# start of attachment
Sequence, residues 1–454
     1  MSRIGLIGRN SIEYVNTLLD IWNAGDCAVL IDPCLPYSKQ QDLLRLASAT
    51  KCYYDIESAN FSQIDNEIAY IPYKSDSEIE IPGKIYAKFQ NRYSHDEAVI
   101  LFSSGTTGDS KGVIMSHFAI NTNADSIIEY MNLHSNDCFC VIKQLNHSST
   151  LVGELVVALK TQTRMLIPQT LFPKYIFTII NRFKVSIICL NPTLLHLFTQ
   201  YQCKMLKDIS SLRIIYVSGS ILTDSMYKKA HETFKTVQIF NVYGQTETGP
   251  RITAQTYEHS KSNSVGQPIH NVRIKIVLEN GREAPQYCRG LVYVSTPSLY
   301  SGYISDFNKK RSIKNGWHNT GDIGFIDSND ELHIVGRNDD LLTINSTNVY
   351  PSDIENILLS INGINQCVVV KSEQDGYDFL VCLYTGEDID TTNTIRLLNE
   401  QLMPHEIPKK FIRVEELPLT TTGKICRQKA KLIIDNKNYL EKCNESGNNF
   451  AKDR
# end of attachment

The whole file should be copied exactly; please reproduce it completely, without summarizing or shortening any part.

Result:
Sequence, residues 1–454
     1  MSRIGLIGRN SIEYVNTLLD IWNAGDCAVL IDPCLPYSKQ QDLLRLASAT
    51  KCYYDIESAN FSQIDNEIAY IPYKSDSEIE IPGKIYAKFQ NRYSHDEAVI
   101  LFSSGTTGDS KGVIMSHFAI NTNADSIIEY MNLHSNDCFC VIKQLNHSST
   151  LVGELVVALK TQTRMLIPQT LFPKYIFTII NRFKVSIICL NPTLLHLFTQ
   201  YQCKMLKDIS SLRIIYVSGS ILTDSMYKKA HETFKTVQIF NVYGQTETGP
   251  RITAQTYEHS KSNSVGQPIH NVRIKIVLEN GREAPQYCRG LVYVSTPSLY
   301  SGYISDFNKK RSIKNGWHNT GDIGFIDSND ELHIVGRNDD LLTINSTNVY
   351  PSDIENILLS INGINQCVVV KSEQDGYDFL VCLYTGEDID TTNTIRLLNE
   401  QLMPHEIPKK FIRVEELPLT TTGKICRQKA KLIIDNKNYL EKCNESGNNF
   451  AKDR